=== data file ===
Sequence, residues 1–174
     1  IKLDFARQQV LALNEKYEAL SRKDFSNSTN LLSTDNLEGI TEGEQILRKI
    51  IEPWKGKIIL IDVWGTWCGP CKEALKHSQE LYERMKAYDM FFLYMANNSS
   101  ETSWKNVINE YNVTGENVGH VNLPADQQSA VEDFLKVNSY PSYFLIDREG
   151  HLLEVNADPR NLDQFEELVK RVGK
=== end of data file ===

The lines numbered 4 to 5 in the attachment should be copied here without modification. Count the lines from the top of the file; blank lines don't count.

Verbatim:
   101  ETSWKNVINE YNVTGENVGH VNLPADQQSA VEDFLKVNSY PSYFLIDREG
   151  HLLEVNADPR NLDQFEELVK RVGK